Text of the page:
The Lehigh Valley is the 13th-Smoggiest Medium-Sized Metro Region in the Country, according to a new report, Danger in the Air, produced by PennEnvironment.
There was a time when this would have been because of all of the industry booming here along our rivers. These days, it’s mostly because of how much time most of us spend in our cars. We’re a commuting metro region, and 1-78, the great East Coat conduit that cuts right through our valley, brings thousands of just-passing-through drivers who leave their emissions hanging in low elevation between our mountains. On hot summer days, those emissions interact with naturally-occurring volatile organic compounds, get baked by the sun, and make for unhealthy levels of smog in the region.
That the Lehigh Valley has air quality (and commuter) problems isn’t news. What many folks don’t know, however, is that the air quality standards the EPA currently uses to warn the public about bad air quality days is, by most scientific accounts, sadly out of date. Barack Obama has recently punted the issue to 2013, an awfully presumptive move at the moment.
Here in Pennsylvania, meteorologists at the Department of Environmental Protection produce air quality forecasts every day that specifically indicate the levels of fine particle pollution and ground-level ozone (o3) likely to be present in our air. These levels are matched against the federal Air Quality Index, a color-coded indicator meant to tell us when air conditions will be unsafe for various groups. Green Days are supposed to be healthy for everyone. Yellow Days are likely to be unhealthy for children, the elderly, and people with respiratory conditions. Orange follows yellow, red follows orange, and Purple Days are unsafe for everyone. Maroon Days are extremely dangerous.
Working in accordance with these federal guide lines, which PennEnvironment and others have called out-of-date, the DEP announces Air Quality Action Days when levels for either pollutant (particle pollution, in this case, PM2.5, and ground-level ozone) are expected to exceed Code Yellow levels. Once upon a time in the Lehigh Valley, residents could ride LANTA for free on Air Quality Action Days when orange levels were exceeded. The “Ride Free On Red” program has been without vital state funding for some time, even though evidence compiled by LANTA and the Air Quality Partnership shows clear surges in LANTA use, especially among the elderly, on Code Red Days.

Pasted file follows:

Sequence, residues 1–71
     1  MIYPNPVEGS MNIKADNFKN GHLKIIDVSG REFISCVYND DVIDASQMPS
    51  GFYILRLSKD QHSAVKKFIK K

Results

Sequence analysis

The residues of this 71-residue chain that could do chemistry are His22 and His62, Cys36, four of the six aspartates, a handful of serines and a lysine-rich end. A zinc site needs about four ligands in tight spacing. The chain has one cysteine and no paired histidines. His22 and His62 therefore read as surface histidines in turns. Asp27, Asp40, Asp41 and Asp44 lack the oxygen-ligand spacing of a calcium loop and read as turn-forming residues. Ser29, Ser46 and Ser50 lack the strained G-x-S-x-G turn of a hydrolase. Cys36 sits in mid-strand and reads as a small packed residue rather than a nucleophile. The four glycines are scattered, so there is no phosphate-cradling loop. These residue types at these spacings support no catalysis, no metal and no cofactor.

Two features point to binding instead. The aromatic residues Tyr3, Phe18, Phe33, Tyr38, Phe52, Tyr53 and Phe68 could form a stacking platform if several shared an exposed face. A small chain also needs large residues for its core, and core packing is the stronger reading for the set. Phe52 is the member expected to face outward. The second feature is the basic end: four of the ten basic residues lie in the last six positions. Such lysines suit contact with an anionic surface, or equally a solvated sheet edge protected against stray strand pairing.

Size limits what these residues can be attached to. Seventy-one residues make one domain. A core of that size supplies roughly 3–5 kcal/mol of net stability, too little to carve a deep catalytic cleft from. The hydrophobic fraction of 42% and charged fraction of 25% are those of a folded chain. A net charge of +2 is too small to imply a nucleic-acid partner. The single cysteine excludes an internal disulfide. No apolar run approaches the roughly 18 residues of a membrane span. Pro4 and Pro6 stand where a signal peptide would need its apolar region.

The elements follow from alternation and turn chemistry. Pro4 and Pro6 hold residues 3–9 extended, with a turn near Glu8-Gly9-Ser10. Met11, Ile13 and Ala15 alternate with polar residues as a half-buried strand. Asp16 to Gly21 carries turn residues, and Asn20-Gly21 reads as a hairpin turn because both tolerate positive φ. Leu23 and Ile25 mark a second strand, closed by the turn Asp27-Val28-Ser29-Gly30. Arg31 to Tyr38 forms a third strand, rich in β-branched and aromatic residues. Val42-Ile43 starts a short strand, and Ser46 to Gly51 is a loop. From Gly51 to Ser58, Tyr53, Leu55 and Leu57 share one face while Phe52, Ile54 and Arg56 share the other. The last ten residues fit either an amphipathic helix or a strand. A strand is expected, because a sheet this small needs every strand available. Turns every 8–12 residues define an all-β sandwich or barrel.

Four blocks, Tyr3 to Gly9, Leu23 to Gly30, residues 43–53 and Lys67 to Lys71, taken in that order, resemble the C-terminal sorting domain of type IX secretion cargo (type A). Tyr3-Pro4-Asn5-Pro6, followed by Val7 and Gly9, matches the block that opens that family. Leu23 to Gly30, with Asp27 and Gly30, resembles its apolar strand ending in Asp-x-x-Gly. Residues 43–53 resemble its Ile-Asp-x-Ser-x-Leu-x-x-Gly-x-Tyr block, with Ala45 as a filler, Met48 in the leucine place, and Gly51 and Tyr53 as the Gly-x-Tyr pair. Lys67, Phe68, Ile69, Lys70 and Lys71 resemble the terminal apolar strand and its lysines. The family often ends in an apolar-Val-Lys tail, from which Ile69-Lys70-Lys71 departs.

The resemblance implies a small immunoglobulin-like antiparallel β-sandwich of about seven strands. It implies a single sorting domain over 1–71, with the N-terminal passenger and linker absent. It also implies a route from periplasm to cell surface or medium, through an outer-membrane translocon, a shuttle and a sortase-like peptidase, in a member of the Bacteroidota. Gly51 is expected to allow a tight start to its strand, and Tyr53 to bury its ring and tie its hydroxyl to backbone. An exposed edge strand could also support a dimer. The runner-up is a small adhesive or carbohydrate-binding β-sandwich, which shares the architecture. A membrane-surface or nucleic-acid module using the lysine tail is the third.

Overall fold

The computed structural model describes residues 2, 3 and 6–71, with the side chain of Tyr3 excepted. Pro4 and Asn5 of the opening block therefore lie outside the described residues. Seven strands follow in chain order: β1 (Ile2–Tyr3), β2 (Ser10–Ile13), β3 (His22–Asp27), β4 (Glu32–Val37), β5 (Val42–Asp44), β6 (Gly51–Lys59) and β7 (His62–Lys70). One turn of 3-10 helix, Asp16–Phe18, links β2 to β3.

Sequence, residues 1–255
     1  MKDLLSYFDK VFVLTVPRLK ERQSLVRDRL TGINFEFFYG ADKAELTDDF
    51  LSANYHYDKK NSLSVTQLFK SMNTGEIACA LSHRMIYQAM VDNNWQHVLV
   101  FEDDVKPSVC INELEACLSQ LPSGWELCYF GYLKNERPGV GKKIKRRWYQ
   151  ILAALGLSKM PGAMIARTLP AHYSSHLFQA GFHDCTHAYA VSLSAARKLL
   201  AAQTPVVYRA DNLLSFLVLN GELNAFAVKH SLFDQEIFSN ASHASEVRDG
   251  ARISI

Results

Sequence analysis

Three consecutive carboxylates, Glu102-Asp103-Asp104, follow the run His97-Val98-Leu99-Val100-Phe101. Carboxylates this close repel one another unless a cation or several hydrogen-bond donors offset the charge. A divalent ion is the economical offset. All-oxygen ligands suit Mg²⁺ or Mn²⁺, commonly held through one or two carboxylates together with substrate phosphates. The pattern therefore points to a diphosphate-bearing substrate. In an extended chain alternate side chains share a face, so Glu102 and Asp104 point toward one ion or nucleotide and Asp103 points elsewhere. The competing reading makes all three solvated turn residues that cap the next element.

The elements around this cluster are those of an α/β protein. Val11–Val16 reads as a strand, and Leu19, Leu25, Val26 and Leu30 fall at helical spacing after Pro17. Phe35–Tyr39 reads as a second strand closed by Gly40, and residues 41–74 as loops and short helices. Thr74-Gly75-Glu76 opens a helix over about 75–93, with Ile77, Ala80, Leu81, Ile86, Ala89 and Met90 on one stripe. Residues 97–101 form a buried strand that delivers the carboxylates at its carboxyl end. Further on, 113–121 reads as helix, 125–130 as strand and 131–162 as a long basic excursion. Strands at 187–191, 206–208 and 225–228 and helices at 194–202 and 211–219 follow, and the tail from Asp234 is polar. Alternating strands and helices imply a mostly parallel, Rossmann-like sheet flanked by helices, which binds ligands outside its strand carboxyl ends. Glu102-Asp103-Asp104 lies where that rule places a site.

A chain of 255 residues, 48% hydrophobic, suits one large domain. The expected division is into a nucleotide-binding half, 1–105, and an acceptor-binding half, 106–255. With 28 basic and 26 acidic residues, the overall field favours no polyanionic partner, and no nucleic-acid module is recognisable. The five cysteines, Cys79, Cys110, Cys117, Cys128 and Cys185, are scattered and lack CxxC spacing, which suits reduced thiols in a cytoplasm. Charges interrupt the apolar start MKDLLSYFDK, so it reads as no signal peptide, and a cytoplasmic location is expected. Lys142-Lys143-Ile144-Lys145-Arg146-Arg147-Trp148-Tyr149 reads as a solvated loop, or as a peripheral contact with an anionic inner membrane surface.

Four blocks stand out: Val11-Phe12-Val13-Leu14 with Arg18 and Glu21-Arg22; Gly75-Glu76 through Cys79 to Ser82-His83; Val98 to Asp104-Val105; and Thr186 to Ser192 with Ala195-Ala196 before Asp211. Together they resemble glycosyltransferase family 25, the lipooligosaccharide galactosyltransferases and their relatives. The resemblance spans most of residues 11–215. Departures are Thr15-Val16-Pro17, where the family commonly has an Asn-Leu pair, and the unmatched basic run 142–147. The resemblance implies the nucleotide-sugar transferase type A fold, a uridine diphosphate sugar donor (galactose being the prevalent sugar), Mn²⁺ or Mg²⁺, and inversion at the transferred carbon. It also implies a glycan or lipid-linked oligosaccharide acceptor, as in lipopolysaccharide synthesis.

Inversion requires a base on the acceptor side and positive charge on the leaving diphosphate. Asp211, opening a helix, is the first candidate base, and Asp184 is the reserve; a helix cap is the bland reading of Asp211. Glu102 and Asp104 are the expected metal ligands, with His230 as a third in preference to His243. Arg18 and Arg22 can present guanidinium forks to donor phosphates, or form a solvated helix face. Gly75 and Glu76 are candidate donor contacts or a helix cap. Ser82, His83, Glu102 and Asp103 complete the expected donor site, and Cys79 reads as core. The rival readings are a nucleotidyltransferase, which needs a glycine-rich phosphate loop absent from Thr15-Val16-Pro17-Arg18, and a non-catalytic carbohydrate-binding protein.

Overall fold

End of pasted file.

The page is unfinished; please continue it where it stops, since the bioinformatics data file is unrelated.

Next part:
Why was this important? Because ride-sharing, car-pooling, and mass-transit are essential to reducing ozone emissions (smog) generally and on Air Quality Action Days specifically. There are other personal choices and behaviors that citizens can use to reduce their personal levels of smog production, and they can all be found at AirQualityAction.org, the online home of the Air Quality Partnership of Lehigh Valley – Berks.
As I said on television and in the press release accompanying the release of the report, the Commonwealth of Pennsylvania can and should play a lead role in demanding a much-needed change to federal guidelines, and should also make it easy for government agencies and state businesses to incentivize the kinds of commuter habits that would help us reduce ozone levels across the state.
All of this comes as some presidential contenders are pushing for the abolition of the EPA. I saw one prospective voter question the validity of regulating “dust,” certainly not knowing the the regular of fine particle pollution (like the regulation of ground-level ozone emissions) saves lives. Particle pollution doesn’t just dissipate to nothing. It turns out that Kansas was wrong about that: dust in the wind ends up lungs, and so does ground-level ozone. Both put our most vulnerable populations at risk, and reducing the occurrence of both here in the greater Lehigh Valley is the Air Quality Partnership’s main mission.
We’re at a critical economic, political, and environmental crossroads. Our partnership needs increased participation from business, government, and health leaders. We need new ways to fund projects like “Ride Free on Red,” and we need public engagement in initiatives like our newest endeavor, the Share the Ride Challenge. We continue to have great successes with regional educators and students, providing tremendous educational resources ate age-specific levels to primary and secondary public schools across three counties.
I’m an asthma sufferer, but as I said last week, our calls for continued education, advocacy, and support are not a case of special pleading. We all breathe the same air, and most of us are just as culpable as the next person in the production of smog. Our partnership exists to educate, to advocate, and encourage practical changes at corporate and private levels so that we all might breathe a little easier. Please help us.